NEW YORK — Edit 1 (www.edit1.tv) in NYC specializes in pre-visualization for global advertising agencies. Here, company president Michael Zimbard discusses custom asset libraries and what makes Edit 1’s new generation of characters stand out from the previs herd.
Post: Why exactly are character libraries so important for the previs process?
Michael Zimbard: “They’re essential because we need to turn around great looking spots under extremely tight timetables. For most of our commercial work, we're dealing with concepts that contain human characters across a broad range of ages and ethnicities. So when a job awards, we want to limit the character build time and get right into the storytelling. With a fully developed library in place you can hit the ground running creatively. This goes for all assets, including wardrobe, props, and sets as well. Building an entire pipeline like this from scratch allows us to customize it to our workflow and the needs of our projects.”
Post: How is your library different from others?
Zimbard: “Our development took a dual path: we wanted to deliver more visually appealing, ‘relatable’ animated characters that would in turn yield better test scores; plus give our 3D team the ability to work faster with higher quality final results. The redesign of the animation pipeline took over a year to develop and pools all of the knowledge we’ve gained from working on cinematics the past five years. We’re able to give our client a more polished look and allow our artists to work more efficiently.”
Post: Edit 1 recently started using an inertial motion capture system. Has that technology played a role in your new character animation library?
Zimbard: “Absolutely. When I took over the company in 2010, I felt one of our biggest weaknesses was 3D development. Since then, we've invested big to enhance every aspect of our 3D workflow. In addition to creating our own proprietary tools that make the spot creation process faster overall, we’ve also brought in the inertial motion capture technology you mentioned as well as a markerless facial capture system to push the quality of character movement and expression. So it’s the sum of all of these things we’ve been focused on — the new library, custom tools and animation technology — that’s elevating the quality of our work. And of course not to mention our incredible creative team that is always looking for ways to make our quality and process stand out from the pack.”
Post: This type of quality, with natural looking characters and movement, is particularly important when agencies are testing spots, right?
Zimbard: “Yes. When test audiences are watching spots, you don't want bad animation or an unappealing avatar affecting how they feel about a concept. The closer we can simulate the feeling of reality (and at the same time stay out of the creepy 'uncanny valley' that is a major pitfall of many CGI characters), the less distractions that exist for a focus group viewer. We want the core idea of a spot be the deciding factor in how a consumer responds, which in turn provides more accurate test scores.”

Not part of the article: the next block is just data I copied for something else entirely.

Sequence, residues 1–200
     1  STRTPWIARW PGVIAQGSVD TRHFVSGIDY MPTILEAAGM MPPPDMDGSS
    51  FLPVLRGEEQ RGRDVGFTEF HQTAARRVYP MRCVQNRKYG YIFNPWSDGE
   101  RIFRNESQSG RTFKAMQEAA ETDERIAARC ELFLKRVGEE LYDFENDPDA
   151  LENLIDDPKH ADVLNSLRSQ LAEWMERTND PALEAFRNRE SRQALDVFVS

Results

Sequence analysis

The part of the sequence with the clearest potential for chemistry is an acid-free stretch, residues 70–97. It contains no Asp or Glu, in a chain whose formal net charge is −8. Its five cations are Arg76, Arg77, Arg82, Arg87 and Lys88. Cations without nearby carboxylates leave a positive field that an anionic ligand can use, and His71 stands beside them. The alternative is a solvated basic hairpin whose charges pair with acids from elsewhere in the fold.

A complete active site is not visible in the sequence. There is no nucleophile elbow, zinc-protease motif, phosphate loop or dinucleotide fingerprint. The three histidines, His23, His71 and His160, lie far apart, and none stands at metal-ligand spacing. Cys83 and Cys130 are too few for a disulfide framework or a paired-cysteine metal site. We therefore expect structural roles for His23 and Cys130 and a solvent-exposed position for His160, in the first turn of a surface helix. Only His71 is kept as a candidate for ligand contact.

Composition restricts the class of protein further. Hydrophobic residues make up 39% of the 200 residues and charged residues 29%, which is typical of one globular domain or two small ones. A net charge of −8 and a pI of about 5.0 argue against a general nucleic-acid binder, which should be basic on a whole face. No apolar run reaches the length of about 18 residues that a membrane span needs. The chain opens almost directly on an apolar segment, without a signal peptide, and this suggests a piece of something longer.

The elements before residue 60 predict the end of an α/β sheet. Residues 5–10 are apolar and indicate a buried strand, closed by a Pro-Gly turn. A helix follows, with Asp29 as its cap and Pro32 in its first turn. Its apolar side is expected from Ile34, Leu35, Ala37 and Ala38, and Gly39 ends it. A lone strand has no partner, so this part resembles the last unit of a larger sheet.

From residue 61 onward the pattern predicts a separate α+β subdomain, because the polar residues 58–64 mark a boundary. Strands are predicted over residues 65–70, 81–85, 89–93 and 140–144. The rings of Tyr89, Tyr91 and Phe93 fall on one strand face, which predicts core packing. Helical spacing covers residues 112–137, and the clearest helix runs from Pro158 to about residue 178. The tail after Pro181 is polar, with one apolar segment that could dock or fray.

Q: Any examples of recent work in which you put your library to work?
Zimbard: “In January, we executed several spots for agency PKT and Proctor & Gamble for two new Scope campaigns. Without giving too much away, one of the spots features a spokesperson character that has a very unique style and look. Because of the way we designed the character topology and UV mapping in the new character pipeline, modifying a base character to have a completely different look becomes a much more interactive process for the client. They were able to evaluate multiple incarnations of the character before making a decision. In the past, we likely would not have had time to build out more than one option in 3D.
“Combining the ability to make these types of quick modifications, along with the overall higher quality of our new character library, gave the agency and client a great final result, and also a smooth process getting there. The test scores for both campaigns came in so high that the challenge became picking which direction they would produce for on-air.”
Post: What aspect of putting the new character animation library together was most challenging?
Zimbard: “There were months of R&D and internal discussion to come up with the best pipeline that would fit our needs. We wound up with an approach that’s similar to how videogame workflows are typically built, but with much higher model detail and texture resolution. While we wanted to establish an overall new ‘look’ for our characters, we still needed to build in the functionality to adapt to the requirements of a specific project. When it comes to rendering, some clients want a more realistic look, others want a more simplified flat shading or emulate 2D illustration in 3D. We didn't want to push any one overall style, but wanted to offer clients the flexibility to have different options. We're thrilled with where we netted out and have been very excited to roll out the new library for our agency and client partners.”